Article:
Last updated: 31 Jan, 2022
Published on: 17 Dec, 2020
The state of pet adoption report 2020-2021
A capture of pet adoption trends and insights. Explore how the rescue community from around Australia responded about rescue work, the benefits and struggles that come along with it, and what it was like to be a rescue worker last year.
Pet Adoption Trends in 2020-2021
Pets looking for homes
The majority of pets coming into care were cats (64.9%), then dogs (30.8%) and the remaining other pets (4.2%) included rabbits (1.8%), guinea pigs (1.5%) and rodents (0.2%).
Stats via PetRescue.com.au 1st July 2020 to 30th June 2021.
Council pounds were the fastest at adopting pets into homes (median of 5.3 days).
Queensland recorded the highest amount of pet adoptions (14,599)
92.11% of pets listed on PetRescue were adopted in this timeframe
The majority of cats coming into care were urban stray cats (37.4%)
Cats came into care of member organisations at twice the rate of dogs
On average, each cat received 546 views and 2 adoption enquiries
Dogs received 4 times the number of views and enquiries as cats
On average, each dog received 2,173 views and 10 adoption enquiries
It took dogs 16.01 days to find a home, but cats were adopted in just 12.677 days
The most unusual pet listed for adoption in 2020/21 was a single fish!
Rabbits found a home in 19 days, while guinea pigs waited 14 days & rodents only 10 days!
Dogs in NSW received the most pageviews (12,532,959 million in total!)
Rescue Sector Insights in 2020-2021
Retaining good volunteers is the number one challenge stated by rescue organisations, with not enough resources to meet demand reported as the second.
The most time-consuming element of a rescuers work was replying to adoption enquiries.
Two-thirds of rescue organisations collaborate with other rescue organisations to manage pets.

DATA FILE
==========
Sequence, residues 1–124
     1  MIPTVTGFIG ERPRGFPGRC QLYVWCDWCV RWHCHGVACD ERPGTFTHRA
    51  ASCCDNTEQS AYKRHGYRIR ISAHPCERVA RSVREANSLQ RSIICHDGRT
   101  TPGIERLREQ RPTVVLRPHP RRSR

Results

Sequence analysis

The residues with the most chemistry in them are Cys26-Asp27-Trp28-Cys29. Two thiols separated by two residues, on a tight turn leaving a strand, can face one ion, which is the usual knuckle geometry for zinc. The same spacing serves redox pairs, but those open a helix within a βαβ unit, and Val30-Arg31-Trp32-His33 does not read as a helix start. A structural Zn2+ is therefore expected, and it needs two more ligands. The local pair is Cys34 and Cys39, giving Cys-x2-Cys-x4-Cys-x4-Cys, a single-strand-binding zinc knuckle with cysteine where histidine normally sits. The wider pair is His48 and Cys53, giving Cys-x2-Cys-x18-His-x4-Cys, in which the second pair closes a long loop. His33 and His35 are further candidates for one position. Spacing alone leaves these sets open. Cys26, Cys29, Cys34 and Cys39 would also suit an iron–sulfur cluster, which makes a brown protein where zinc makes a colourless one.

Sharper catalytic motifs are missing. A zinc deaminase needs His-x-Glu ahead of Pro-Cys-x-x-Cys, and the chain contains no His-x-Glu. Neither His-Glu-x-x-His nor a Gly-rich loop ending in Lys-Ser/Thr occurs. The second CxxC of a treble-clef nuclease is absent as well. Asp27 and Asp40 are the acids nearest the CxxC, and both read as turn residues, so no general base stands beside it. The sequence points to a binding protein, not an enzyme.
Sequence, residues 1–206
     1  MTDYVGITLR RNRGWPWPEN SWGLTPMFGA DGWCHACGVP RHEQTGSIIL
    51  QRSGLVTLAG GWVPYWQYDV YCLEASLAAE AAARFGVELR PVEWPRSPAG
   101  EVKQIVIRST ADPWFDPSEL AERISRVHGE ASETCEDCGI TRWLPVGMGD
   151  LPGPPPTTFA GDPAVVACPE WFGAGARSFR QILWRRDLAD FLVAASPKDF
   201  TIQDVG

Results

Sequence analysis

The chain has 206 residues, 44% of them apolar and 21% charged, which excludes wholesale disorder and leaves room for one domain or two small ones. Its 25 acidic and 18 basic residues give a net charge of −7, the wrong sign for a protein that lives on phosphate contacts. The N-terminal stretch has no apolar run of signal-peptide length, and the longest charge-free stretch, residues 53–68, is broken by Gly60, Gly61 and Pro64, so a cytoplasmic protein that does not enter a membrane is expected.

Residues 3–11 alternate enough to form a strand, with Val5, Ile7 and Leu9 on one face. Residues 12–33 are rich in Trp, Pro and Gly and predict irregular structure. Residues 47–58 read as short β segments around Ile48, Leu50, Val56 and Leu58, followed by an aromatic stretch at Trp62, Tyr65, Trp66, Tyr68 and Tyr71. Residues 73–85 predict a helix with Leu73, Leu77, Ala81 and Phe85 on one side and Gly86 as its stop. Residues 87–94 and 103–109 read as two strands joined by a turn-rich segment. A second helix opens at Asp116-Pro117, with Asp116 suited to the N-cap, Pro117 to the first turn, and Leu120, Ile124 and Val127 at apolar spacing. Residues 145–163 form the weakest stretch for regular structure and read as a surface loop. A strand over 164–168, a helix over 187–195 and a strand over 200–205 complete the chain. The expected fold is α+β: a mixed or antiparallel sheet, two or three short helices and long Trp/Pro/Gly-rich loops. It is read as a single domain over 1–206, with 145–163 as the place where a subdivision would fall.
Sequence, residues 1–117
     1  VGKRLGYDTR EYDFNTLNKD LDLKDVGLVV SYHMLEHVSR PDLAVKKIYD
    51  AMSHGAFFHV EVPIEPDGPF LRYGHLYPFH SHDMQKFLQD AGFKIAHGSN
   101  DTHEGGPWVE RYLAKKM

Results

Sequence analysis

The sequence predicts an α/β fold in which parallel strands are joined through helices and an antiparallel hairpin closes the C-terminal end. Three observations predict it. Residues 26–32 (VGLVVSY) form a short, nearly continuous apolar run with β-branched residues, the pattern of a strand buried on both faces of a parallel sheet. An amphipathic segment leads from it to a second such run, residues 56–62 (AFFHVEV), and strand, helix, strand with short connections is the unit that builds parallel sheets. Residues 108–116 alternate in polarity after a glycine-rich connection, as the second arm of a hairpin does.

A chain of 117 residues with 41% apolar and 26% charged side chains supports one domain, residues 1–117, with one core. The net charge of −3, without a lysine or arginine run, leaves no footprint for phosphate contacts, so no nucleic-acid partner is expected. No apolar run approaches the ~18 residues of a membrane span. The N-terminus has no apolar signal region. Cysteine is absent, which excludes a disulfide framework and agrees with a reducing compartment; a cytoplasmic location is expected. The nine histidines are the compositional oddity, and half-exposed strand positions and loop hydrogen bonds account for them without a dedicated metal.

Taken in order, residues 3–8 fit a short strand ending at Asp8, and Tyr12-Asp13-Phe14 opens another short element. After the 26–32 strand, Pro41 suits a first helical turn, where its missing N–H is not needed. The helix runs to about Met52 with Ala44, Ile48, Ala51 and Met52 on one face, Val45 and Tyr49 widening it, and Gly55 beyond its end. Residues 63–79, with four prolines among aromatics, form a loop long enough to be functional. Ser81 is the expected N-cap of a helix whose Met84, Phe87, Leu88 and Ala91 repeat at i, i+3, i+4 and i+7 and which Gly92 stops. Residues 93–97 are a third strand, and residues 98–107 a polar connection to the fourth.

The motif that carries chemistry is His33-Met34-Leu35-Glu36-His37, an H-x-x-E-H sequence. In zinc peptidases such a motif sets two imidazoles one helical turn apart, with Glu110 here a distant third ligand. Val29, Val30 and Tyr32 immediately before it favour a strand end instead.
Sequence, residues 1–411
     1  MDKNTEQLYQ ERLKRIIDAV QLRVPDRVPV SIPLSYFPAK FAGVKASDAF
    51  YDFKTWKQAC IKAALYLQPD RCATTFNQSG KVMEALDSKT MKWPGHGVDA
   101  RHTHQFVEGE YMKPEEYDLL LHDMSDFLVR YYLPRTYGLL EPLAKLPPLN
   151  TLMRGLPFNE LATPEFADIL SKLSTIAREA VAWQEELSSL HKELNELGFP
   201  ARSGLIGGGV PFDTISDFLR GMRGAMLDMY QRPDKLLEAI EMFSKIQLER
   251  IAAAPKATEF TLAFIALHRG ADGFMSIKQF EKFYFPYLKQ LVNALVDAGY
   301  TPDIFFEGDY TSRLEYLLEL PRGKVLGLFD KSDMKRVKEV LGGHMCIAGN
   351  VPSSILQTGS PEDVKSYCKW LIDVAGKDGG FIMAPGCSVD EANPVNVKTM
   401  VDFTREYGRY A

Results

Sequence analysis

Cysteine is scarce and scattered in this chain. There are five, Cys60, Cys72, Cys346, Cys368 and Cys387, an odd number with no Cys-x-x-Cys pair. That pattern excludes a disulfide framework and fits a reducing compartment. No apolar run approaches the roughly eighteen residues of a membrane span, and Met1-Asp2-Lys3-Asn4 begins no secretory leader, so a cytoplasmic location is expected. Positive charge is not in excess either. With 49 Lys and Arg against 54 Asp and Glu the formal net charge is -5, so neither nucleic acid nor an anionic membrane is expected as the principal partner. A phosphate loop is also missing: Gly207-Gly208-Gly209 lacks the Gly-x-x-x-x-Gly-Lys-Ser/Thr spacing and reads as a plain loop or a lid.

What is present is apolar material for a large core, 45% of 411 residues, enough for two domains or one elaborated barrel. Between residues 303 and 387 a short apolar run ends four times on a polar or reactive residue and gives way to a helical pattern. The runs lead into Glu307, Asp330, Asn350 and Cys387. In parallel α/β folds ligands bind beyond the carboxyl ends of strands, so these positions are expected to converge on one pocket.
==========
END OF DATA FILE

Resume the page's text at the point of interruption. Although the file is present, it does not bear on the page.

Over half of rescue organisations use personal funds to support their rescue operations.
91% of those working in rescue are volunteers, with a majority of these respondents citing juggling paid work and volunteer rescue work as their biggest challenge.
Only 42% of respondents felt their organisations were financially sustainable.
Health & Wellbeing
93% of rescue workers reported suffering from compassion fatigue or burnout.
Only 2% of the rescue community have sought professional help or support from a GP or councillor.
More than half of rescue workers will turn to peers in the sector as their primary source of emotional support.
Rescue organisations were shown to support diversity, rehoming pets to a wide range of homes including, young adults, Indigenous Australians, same-sex couples, non-binary individuals, students and others.
The most common reason for deeming an adoption application unsuitable was that an applicant’s property was unsuitable for the pet.
Tools & Training
76% of respondents use PetRescue.com.au to list and adopt pets at least once a week, with 25% using PetRescue daily.
A lack of human resources and a lack of funding were cited as the main challenges in implementing digital technologies.
84.3% of respondents believe that training opportunities and industry seminars would be beneficial to their organisation but a lack of time and funds hindered their ability to attend these.
Fundraising, grant writing and marketing were listed as the main areas of interest in business development.
Microchipping, animal behaviour and veterinary science were the main areas of interest in animal care.
92.1% of respondents feel that the animal welfare sector is progressing towards a more humane and practical approach for rescue pets.
Legislative change and pound reform is believed to have the highest potential impact in lowering the number of healthy and treatable pets that are killed in Australia each year.
94% of the rescue community believe they are making a positive difference for rescue pets in Australia.
About this report
We know there has been some progress in the animal welfare sector over the past two decades. But just how much?
In order to ensure a safer future for pets, the first step is to start with the data and the insights. This gives us a benchmark to measure progress from and it provides visibility.
The goal of this report is to track the current progress, limitations, setbacks, and opportunities for rescue workers and the animal welfare sector at large. These critical insights will help create real change that can empower individuals working in animal welfare to deliver better outcomes for vulnerable pets.
This report combines insights from PetRescue's adoption platform data and feedback from the rescue community received via reponses through a recent members survey.
PetRescue is a national animal welfare charity with a vision of a future where every pet is safe, respected and loved. Every day, we deliver free pet search and adoption services to thousands of Australian families looking for pets.
PetRescue’s vision is to see a transformed animal welfare system that protects and cares for vulnerable pets.